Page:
The php mail() function allows you to send mail. For the Mail functions to be available, PHP must have access to the sendmail binary on your system during compile time. If you use another mail program, such as qmail or postfix, be sure to use the appropriate sendmail wrappers that come with them. PHP will first look for sendmail in your PATH, and then in the following: /usr/bin:/usr/sbin:/usr/etc:/etc:/usr/ucblib:/usr/lib. It’s highly recommended to have sendmail available from your PATH. Also, the user that compiled PHP must have permission to access the sendmail binary. Because of chroot you cannot access anything outside jail.

Even if you copy /usr/sbin/sendmail it will not work because it needs all other directories in /var and sendmail config file in /etc/mail directory.

So how do I configure php mail() support in chrooted jail webserver?

  • Don’t use php mail() use php SMTP class to send email (recommended method #1)
  • Install complete sendmail in chrooted jail (this is too much work)
  • Install statically linked mini_sendmail and /bin/sh in chrooted jail. (recommended method #2)

Task: Setting up static mini_sendmail for chrooted apache or lighttpd web server

mini_sendmail reads its standard input up to an end-of-file and sends a copy of the message found there to all of the addresses listed. The message is sent by connecting to a local SMTP server. This means mini_sendmail can be used to send email from inside a chroot(2) area. However, it needs to create a pipe so you need to copy shell to chroot as well.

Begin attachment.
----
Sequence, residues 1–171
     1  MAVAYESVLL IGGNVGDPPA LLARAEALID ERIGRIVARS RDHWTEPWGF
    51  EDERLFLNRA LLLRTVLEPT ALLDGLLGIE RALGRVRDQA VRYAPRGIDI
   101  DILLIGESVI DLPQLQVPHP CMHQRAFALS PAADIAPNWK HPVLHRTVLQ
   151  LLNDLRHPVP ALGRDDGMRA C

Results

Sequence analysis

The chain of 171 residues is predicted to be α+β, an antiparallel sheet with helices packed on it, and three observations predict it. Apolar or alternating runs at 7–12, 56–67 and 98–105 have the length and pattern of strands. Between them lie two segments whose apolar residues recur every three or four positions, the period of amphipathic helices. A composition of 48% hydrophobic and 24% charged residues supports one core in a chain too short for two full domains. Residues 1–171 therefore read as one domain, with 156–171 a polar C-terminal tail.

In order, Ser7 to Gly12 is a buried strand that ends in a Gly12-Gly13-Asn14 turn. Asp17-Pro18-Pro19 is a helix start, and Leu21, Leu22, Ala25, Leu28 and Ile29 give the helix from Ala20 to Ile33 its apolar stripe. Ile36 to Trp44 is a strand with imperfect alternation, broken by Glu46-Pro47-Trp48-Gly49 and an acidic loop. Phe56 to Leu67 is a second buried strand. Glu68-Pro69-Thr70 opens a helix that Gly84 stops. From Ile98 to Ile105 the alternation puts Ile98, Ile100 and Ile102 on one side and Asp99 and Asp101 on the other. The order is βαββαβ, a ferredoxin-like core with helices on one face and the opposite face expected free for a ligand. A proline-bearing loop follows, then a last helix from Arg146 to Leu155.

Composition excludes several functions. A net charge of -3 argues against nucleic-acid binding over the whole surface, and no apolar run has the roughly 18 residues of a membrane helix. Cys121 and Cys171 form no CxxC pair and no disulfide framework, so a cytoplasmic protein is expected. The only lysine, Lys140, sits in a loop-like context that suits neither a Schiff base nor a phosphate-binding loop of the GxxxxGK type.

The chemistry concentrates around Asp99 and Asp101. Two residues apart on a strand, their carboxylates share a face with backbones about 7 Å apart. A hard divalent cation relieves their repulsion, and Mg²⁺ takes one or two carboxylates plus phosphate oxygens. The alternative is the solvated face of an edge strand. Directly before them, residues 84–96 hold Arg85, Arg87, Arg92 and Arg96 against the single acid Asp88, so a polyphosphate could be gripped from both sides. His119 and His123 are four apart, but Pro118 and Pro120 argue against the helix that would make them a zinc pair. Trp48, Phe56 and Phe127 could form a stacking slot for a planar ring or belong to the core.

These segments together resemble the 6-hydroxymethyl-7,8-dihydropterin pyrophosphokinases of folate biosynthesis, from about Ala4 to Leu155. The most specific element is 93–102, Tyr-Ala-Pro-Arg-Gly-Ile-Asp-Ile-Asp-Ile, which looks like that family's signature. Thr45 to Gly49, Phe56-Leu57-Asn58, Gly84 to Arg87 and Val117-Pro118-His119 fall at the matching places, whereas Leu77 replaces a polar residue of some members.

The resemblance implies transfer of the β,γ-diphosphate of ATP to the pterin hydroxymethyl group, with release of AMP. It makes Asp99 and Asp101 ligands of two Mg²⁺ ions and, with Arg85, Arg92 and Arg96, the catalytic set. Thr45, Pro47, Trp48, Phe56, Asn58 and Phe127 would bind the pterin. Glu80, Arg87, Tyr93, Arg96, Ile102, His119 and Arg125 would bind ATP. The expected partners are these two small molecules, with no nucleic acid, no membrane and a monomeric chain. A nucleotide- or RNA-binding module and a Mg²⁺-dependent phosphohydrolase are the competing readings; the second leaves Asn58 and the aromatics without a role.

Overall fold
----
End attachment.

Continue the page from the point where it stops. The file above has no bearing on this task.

Install mini_sendmail

Type the following commands:
# cd /opt
# wget http://www.acme.com/software/mini_sendmail/mini_sendmail-1.3.6.tar.gz
# tar -zxvf mini_sendmail-1.3.6.tar.gz
# cd mini_sendmail-1.3.6

Compile mini_sendmail

# make

Copy mini_sendmail to chrooted directory

Assuming that your chrooted directory is /webroot
# mkdir -p /webroot/usr/sbin
# cp mini_sendmail /webroot/usr/sbin/sendmail

Configure php for mini_sendmail (sendmail)

Goto /webroot directory
# vi etc/php.ini
OR
# vi /webroot/etc/php.ini

Setup sendmail path

sendmail_path = /usr/sbin/sendmail -t -i

Restart Apache webserver

# /etc/init.d/httpd restart
# apachectl restart

Or Restart lighttpd web server

# /etc/init.d/lighttpd restart

Copy /bin/sh or /bin/bash

# cp /bin/sh /webroot/bin
# l2chroot /bin/sh

Test your setup

Create php script – mailtest.php as follows:
<?php
mail("you@yourcorp.com", "PHP Test mail", "Hope this works! ");
?>

Point browser to http://yourcrop.com/mailtest.php

More troubleshooting tips

(a) Make sure you have /etc/resolv.conf and /etc/hosts files available in chrooted jail at /webroot/etc directory.

(b) Make sure your mail server accept connection from localhost (default)

(c) Consult /var/log/maillog (or your MTA log file) outside jail for more information
# tail -f /var/logm/maillog

Continue reading the rest of Lighttpd security series articles